Although medieval aesthetics have been present in the media for years, this last decade has been witnessing its revamping. Artists like Caroline Polachek or ARCA have been championing certain elements of this aesthetic for some time, and fashion powerhouses like Balenciaga gave us a more literal interpretation of it in the digital presentation of their fall 2021 collection.
What is the cause of the renaissance of the medieval, or neo-medievalism? We all know that every fashion trend is doomed to make a comeback, including those seen in the Middle Ages. In fact, some sociological studies link the current global socio-political situation to a resurgence of feudalism; the fragmentation of state power is making countries more dependent on multinationals and non-governmental organizations. This seems to be creating a new order of modern gentry who would swear allegiance to the global economy and its consequentially fragmented digital identity, turning away from solid moral values. Power hierarchies seem to be collapsing, not only in the world of fashion, but also at a structural and territorial level—wars included. Maybe that is why we have begun to reexamine our choice of battle uniform.
The medieval influence seems to be gaining strength in current trends but, unlike trends like Y2K, this one doesn’t seem to be tied to a particularly intense feeling of nostalgia. In fact, there is a dissociation between what we understand as medieval aesthetics and the Middle Ages. Current medievalism doesn’t seek to represent nor recreate historically accurate medieval ideals, but to reinterpret the aesthetic elements culturally associated with the Middle Ages. And thus, neo-medievalism arises: a modern adaptation of elements belonging to both history and tales of the Middle Ages.
Collections such as Teen Knight Poem, designed by Hedi Slimane for CELINE HOMME FALL 21/22, take elements of the medieval armor such as helmets and present them transformed into hats. It also reintroduces chain mail in the form of metallic pants and reimagines the figure of the knight as a trendy cavalier who wears voluminous studded leather vests and pairs them with a nice hoodie. All of these presented within the confines of the beautiful Château de Chambord, a castle located in the Loire Valley that was built as a medieval fortress and whose architectural style has both medieval and Renaissance elements.
The popularization of video games and medieval fantasy or High Fantasy (High Fantasy) series has also made people more receptive to the reintroduction of less commonly seen elements in the modern context; tailored capes, rigid maxi dresses or hairnets could stop being anonymous and become daily-used items. Details such as the choice of fabrics or the popularization of certain updos or accessories could also be influenced by medievalism: many internet trend-forecasters (such as Moderngurlz) are already announcing the return of certain trends associated with modern representations of the Middle Ages, namely the return of oxidized silver, blackened silver, or decorative hoods.
Not a single one of these elements is new; designers such as Alexander McQueen have already been inspired by the Medieval Era in previous collections, as seen in his Autumn 1998 collection Joan, inspired by the figure of Joan of Arc. However, neo-medievalism’s reliance on high-tech means that much of it focuses on the fantastic part of the Middle Ages. The fascination with creatures like dragons or elves in neo-medieval aesthetics echoes the need for artists to have full creative control of their reality. There seems to be a deep desire to build a world that is not limited by physical obstacles, something closer to a dream than to reality. This was greatly exemplified by Balenciaga: in releasing a collection not only in standard digital format, but also as a video game (called Afterworld: The Age of Tomorrow), they contextualized their whole collection, and made sure that no detail strays too far from the idea from which it arose.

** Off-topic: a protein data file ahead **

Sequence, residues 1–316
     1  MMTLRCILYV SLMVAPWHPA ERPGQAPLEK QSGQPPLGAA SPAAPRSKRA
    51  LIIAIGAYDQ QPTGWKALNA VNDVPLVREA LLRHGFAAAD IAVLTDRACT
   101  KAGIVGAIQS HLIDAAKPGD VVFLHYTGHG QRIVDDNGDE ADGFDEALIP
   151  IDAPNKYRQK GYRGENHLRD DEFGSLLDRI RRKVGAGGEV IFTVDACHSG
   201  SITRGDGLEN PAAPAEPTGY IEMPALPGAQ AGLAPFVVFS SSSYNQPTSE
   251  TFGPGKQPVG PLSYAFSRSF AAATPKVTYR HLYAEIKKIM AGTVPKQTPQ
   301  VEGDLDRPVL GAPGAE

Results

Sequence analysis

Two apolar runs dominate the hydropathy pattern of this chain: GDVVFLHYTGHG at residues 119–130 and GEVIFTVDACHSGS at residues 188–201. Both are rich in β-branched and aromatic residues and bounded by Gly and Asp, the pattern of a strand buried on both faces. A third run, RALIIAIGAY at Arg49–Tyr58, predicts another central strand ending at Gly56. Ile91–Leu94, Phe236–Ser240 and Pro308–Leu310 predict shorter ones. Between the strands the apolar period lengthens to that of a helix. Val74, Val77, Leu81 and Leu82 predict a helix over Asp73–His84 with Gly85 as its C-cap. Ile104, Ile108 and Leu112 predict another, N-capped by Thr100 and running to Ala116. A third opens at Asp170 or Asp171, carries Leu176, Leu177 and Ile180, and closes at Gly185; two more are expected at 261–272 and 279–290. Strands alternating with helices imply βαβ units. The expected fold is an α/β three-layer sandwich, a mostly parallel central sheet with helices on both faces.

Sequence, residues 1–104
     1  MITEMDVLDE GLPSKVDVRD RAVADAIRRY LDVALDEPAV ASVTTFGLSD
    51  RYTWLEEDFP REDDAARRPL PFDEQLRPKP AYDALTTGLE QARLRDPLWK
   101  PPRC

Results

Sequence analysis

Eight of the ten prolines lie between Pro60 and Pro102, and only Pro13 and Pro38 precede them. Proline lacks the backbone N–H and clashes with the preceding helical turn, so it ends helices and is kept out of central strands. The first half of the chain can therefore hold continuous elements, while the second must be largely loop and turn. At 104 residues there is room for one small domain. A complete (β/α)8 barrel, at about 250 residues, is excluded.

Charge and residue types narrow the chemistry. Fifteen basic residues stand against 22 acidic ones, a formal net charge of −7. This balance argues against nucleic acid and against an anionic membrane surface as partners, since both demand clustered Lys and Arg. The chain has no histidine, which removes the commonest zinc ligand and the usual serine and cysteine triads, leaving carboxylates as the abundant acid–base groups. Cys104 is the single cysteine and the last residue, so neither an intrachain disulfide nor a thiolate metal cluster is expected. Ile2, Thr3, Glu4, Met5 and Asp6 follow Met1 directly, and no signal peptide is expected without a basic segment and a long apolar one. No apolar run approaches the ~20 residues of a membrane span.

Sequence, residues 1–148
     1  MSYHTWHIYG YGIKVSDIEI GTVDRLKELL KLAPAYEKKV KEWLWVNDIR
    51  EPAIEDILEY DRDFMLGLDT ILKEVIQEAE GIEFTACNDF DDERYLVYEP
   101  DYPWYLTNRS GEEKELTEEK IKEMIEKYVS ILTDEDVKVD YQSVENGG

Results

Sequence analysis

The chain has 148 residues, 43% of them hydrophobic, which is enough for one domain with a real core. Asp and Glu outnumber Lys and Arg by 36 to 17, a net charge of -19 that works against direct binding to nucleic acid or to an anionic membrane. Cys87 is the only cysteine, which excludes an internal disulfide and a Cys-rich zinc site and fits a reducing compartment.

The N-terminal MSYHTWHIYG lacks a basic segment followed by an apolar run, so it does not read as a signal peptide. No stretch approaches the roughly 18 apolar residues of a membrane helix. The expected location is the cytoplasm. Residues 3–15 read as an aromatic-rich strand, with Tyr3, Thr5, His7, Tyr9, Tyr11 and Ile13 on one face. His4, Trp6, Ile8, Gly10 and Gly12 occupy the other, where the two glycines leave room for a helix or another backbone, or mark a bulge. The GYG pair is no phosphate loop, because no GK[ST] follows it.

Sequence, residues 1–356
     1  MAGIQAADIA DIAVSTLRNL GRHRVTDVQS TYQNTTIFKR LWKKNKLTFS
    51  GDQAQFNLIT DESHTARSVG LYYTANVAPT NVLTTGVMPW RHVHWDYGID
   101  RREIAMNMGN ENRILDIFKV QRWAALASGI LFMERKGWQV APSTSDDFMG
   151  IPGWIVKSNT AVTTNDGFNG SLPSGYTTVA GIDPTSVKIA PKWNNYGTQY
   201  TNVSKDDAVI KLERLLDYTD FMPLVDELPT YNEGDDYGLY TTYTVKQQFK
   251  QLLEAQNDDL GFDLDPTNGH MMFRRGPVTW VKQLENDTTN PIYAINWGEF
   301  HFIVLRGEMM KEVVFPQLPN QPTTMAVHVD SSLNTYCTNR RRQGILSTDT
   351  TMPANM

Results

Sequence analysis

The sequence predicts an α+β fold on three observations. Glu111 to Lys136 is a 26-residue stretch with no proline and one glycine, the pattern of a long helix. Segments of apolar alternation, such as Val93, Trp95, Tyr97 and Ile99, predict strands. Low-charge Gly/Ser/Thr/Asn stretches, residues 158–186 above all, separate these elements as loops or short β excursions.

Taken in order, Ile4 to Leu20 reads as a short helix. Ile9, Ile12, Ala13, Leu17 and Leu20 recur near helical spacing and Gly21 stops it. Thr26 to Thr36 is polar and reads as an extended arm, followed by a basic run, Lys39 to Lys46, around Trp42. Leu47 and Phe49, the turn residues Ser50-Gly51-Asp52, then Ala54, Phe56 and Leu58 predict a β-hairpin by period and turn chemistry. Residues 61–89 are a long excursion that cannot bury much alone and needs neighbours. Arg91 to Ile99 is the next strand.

In the music world, seeing concept albums or songs is becoming more common by the minute. From Grimes’ Player of Games MV to more subtle style inspirations seen in artists like Yves Tumor, neo-medievalism has also found a place in shaping musical aesthetics—although not so much in terms of sound. Caroline Polachek reflects not only on aesthetics, but also on what we have previously identified as a return to feudalism, in the interview producer and musician A. G. COOK did for BRICKS magazine:
“In some ways, it feels like music is returning to some kind of medieval folk medium where we are kind of like bards again, self-promoting in the streets or taking the occasional commission from patrons. I feel like this is going to lead to the personalization of music.”
Neo-medieval aesthetics seem to emerge, in any case, as a response to other aesthetics currently on the rise, such as the infamous clean girl aesthetic or millennial minimalism, introducing the folkloric element into otherwise basic outfits. It would also be acting as an extension of the weird girl aesthetic, redefining maximalism and bringing in new elements, symbols and colors to the table.
All in all, neo-medievalism seeks—and succeeds in—conjuring a certain mysticism that is difficult or impossible to reach in any other way. This mysticism is what is ultimately leading us to the triumph of aesthetics over practicality and that, although it falls closer to an idealized fantasy than to a historically accurate medieval aesthetic, it manages to perfectly reflect current feelings through elements that are equally archaic and polished.
Paula Luengo is an aspiring writer currently living in Madrid. Her interests draw from music to fashion and media analysis, with special emphasis in all that’s old and battered.